Nadal’s French miracle

RAFAEL NADAL proves the age of miracles is not past. His win over Novak Djokovic in the final of the French Open on Sunday was nothing less than astounding for its ease. Nadal swatted aside one of the greatest players ever as if toying with a novice, to win his 13th French Open crown and equal Roger Federer’s record of 20 Grand Slam titles. As Djokovic said later, the conditions were supposed to favour him: The tournament being played in the cool autumn rather than the usual May-June slowed the ball down and took the edge off Nadal’s dreaded top-spin forehand; the closed roof for the final was also to the advantage of Djokovic. He had the form, too, having won all his matches this year except for the defeat suffered through suspension at the US Open after accidentally hitting a line judge. Nadal, on the other hand, was supposed to be rusty after a long layoff due to the Covid pandemic.

All that mattered little when Nadal took court — aware that he must stamp his dominance early, he blasted Djokovic off the court without conceding a game in the first set before completing a facile 6-0 6-2 7-5 win. Djokovic was left shattered, staring at the red clay, shaking his head in disbelief at the level his rival was playing at. Nadal, though ecstatic, said the scoreline did not matter: ‘Maybe it’s a little bit more beautiful to win 6-4 in the fifth, than winning in straight sets, no?’ This comment shows Nadal, the ultimate fighter, revels in the thrill of the contest, not mere numbers.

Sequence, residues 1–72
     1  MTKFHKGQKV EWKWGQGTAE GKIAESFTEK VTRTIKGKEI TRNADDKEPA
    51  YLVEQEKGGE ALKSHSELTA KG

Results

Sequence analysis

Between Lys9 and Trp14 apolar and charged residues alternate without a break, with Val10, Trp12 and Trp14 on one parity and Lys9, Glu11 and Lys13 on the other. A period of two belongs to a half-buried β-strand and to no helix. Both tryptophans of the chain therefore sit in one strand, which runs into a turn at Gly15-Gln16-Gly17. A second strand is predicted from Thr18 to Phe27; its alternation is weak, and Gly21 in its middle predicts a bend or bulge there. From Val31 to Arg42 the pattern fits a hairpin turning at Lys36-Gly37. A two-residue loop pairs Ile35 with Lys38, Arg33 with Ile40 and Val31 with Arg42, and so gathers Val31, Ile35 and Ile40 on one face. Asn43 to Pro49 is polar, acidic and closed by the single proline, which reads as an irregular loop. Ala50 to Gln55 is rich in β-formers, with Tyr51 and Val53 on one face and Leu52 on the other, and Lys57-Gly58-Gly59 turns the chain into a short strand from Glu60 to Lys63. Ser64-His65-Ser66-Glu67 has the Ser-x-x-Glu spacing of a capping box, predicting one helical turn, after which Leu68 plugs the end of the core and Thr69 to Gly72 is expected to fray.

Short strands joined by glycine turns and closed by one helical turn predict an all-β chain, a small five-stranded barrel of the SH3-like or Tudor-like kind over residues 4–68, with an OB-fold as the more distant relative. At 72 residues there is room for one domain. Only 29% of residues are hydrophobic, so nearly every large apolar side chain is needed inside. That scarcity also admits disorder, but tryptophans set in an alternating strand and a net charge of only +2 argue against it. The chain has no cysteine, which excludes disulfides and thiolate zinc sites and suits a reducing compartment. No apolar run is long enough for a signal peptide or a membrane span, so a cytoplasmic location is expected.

Nadal tying Federer’s record will enliven the debate over the greatest player of all time. Nadal, Djokovic and Federer each seem to have a legitimate claim on the ‘greatest’ tag. Federer is the only man to have won three separate Grand Slams at least five times and has over 100 professional title wins. Nadal’s record is lopsided though as 65% of his Grand Slam titles have been won in Paris. Djokovic has beaten his two great rivals more than he’s lost to them. It makes greater sense, however, to halt the comparisons and enjoy what remains of the golden era of men’s tennis.

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